This article is from our April issue, themed “The Science of Surf.” Click here for more on our oceanic field studies, which include, but are not limited to, bathymetry, genealogy, hydrodynamics, wave pools, and stoke.
Unless you were born ambidextrous--like, say, Jeff Clark, who learned to surf switch-foot to avoid Maverick's beasts at his back--you probably think more about new boards than adjusting your stance. But scientific studies suggest that the way you stand on a board is worth thinking about, and even switching up.
More than right-left dominance, stance is our foundation for balance and the core of our performance--and it can be tweaked. According to David Anderson, a professor at the SFSU Department of Kinesiology, the best ways to determine stance is to "March in place blindfolded. If you turn clockwise, your left leg tends to dominate during stance and locomotion; counter clockwise your right leg dominates."
Most surfers adopt the stance that simply feels right. The first time you strap on a leash, you take a stance, which, like an arranged marriage, becomes a lifelong commitment.
Our bodies communicate what feels preferable, because fresh from the oven, one side of our body feels more comfortable doing certain tasks, and relegates the other side to an everlasting supporting role. From then on, physiological tracks get laid; each side feeling more comfortable over time, until maintaining balance is automatic. Like digesting a roach-coach taco, we don't think about balance unless it's off. That's because our sense of balance operates in stealth, and is therefore overlooked, underappreciated, and excluded from The 5 Senses Club.
Stance is actually an uber-sophisticated, tri-sensory, feedback-looped, multi-leveled labyrinth of neuromuscular communication. In coordinated concert, three sensory systems got humans off all fours, and to this day inconsistent signals make us seasick.
The three systems that guide balance are vision, vestibular (our inner-ear gyroscope), and somatosensory (cells in muscles, joints, and on the bottoms of our feet that signal body position in space). These systems employ feedback mechanisms for micro counter adjustments in movement and smooth transitions between them. Smooth, non-robotic adjustments prevent wipeouts. Lacking this feedback mechanism, robots can't surf.
The human body, however, coordinates this sophisticated stuff without thinking. Toddlers aren't taught how to sit up, walk, or not toddle. The body figures it out by trial, error, adjusting, and falling, not by thinking, "Engage erector spinae!"
Unfortunately, acquiring the muscle memory necessary to meet the physical challenges at hand, and at foot, often includes the cementing of bad habits as well. Scientist/surfer Michaela Bruton, who researches balance at the University of Sydney, says that because stance facilitates balance and allows us to put pressure on the rails, it manipulates our position on the wave. A dysfunctional stance, even if it is correctly oriented, hinders your ability to surf well. "If your feet are too far apart," Bruton explains, "you can't rotate your trunk, open your shoulders to turn, or powerfully flex and extend your legs. If you're not crouching low enough in bottom-turns, you limit efficient transfer of momentum from body to board to wave."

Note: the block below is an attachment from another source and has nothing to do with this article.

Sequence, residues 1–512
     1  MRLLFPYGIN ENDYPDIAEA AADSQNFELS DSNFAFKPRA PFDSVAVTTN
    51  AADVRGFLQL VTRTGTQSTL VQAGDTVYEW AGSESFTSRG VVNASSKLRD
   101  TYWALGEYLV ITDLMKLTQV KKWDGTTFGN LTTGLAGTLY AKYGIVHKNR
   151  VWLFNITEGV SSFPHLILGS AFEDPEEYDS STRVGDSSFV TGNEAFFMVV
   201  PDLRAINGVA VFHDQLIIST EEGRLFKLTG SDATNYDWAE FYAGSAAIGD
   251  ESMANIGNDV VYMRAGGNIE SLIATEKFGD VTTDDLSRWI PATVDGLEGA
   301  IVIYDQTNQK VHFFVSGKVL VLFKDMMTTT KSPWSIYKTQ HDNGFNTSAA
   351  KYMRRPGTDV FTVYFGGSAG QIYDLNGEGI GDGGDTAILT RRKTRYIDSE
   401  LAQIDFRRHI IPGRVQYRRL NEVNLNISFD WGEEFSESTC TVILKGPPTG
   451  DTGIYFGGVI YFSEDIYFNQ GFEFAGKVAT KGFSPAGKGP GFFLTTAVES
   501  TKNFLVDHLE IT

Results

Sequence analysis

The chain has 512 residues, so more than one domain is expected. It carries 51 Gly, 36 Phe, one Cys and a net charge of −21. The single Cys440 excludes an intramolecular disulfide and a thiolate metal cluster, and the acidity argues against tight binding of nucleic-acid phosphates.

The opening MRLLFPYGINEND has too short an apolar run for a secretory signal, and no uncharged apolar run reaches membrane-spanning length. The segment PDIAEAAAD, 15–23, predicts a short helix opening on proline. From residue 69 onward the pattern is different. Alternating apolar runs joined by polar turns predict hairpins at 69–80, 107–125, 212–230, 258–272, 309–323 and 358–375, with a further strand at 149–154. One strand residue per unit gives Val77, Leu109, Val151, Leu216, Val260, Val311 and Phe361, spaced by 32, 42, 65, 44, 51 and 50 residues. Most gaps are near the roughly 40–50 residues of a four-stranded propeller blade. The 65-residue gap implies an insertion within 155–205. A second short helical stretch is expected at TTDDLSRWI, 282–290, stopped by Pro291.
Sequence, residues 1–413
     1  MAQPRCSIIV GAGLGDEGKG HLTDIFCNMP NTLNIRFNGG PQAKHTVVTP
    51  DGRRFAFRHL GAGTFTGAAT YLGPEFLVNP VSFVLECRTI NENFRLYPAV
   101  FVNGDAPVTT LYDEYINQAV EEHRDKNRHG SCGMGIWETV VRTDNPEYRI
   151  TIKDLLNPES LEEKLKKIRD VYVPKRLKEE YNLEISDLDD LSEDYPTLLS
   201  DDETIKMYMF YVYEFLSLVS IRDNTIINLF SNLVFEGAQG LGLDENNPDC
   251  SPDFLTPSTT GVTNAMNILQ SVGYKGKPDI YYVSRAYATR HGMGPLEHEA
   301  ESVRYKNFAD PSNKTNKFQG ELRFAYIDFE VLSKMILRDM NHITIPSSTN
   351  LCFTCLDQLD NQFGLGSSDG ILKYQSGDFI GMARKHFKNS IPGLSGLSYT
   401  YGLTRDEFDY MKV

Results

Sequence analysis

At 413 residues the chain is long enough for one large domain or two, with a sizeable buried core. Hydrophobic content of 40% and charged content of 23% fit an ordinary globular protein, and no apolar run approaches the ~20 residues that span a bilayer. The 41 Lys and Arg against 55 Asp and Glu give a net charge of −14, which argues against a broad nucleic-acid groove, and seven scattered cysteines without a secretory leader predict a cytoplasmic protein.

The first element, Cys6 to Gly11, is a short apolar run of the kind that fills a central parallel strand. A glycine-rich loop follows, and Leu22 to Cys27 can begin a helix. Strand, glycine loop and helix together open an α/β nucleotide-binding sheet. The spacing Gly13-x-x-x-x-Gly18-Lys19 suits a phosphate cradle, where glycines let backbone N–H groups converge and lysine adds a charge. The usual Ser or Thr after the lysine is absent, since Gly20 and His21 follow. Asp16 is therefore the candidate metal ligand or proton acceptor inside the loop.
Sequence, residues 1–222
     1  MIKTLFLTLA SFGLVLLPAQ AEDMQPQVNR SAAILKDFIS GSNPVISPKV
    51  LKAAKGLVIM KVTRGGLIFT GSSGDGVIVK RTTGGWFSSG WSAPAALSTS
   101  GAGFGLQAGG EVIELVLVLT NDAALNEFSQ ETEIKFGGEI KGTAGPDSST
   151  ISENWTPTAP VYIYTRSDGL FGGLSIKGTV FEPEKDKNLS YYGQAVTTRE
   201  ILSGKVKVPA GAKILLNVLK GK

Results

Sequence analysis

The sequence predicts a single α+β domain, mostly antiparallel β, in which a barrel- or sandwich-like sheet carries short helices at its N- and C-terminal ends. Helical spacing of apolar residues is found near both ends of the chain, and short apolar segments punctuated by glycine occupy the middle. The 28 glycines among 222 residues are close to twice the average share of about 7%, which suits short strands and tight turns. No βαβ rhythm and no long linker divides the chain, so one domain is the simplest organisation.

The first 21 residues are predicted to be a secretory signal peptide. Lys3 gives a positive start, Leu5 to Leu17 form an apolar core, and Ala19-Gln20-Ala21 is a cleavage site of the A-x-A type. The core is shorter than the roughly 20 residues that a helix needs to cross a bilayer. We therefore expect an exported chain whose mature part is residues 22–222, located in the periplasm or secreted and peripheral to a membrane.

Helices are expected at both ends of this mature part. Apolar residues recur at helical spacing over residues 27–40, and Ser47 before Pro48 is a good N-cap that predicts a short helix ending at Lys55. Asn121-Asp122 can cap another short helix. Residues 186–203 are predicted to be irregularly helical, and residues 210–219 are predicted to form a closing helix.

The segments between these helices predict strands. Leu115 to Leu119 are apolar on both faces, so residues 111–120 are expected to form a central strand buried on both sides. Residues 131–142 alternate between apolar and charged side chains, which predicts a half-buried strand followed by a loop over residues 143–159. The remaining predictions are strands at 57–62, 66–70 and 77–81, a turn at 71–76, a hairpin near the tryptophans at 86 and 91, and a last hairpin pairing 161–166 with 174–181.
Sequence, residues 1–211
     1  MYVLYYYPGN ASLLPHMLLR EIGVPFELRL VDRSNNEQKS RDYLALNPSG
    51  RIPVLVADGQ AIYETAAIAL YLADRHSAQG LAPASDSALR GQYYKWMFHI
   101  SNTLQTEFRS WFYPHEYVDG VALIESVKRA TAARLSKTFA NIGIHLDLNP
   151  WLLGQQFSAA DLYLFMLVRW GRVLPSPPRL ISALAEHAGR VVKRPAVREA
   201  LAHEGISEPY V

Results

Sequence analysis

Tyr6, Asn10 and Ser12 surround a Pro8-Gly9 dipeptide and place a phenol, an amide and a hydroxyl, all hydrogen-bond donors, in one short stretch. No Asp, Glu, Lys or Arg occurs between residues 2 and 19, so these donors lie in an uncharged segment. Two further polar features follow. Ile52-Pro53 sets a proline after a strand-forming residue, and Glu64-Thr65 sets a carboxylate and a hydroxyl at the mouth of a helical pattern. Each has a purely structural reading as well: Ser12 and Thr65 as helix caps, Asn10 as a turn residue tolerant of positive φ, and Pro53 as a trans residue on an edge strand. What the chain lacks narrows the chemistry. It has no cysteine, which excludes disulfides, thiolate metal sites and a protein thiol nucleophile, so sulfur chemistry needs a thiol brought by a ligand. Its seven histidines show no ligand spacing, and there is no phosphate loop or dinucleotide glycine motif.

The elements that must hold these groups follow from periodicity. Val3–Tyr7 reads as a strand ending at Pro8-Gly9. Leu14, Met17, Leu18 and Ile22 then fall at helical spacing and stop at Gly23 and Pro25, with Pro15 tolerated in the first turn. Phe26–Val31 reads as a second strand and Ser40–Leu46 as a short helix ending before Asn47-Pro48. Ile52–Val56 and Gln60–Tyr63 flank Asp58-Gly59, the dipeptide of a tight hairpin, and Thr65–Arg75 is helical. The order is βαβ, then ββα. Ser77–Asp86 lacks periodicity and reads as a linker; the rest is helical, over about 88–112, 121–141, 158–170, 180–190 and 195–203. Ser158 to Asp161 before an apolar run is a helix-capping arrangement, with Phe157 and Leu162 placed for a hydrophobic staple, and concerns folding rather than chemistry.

Eventually, the multitudes of repeated bad habits over time push our asymmetry to the point where, if some of us lost a right hand, certain bodily functions would be virtually impossible. Dr. Tim Brown is Co-Medical Director of the Northern Hemisphere for the ASP and a 50-year surfer. He says, "The more one-sided we are over time, the more imbalanced our bodies become, decreasing performance. Imbalance is the leading cause of sports injury."
Strangely enough, counteracting imbalance requires throwing our bodies off balance. In this way, surfing switch-foot can enhance performance in your native stance. Brown says, "Switch-stance stimulates under-toned muscles to better support joints, body alignment, and the function of overused, under-stretched dominant muscles. Training both sides improves coordination and body alignment/posture, balancing the muscles that control your core."
Anderson adds, "Awareness begins destabilizing a pattern, interrupting what's become automatic. As a pattern destabilizes, performance initially regresses, making you worse before you get better. Inhibiting old patterns, allows new patterns to emerge, but it takes hundreds if not thousands of hours."
The truth is we rarely change what's already working for us. It's easier for us to accept our stance and focus on the technical aspects of our surfing, or simply upgrading to the newest surfboard. It's a lot more palatable than a lengthy detour back to Kooksville.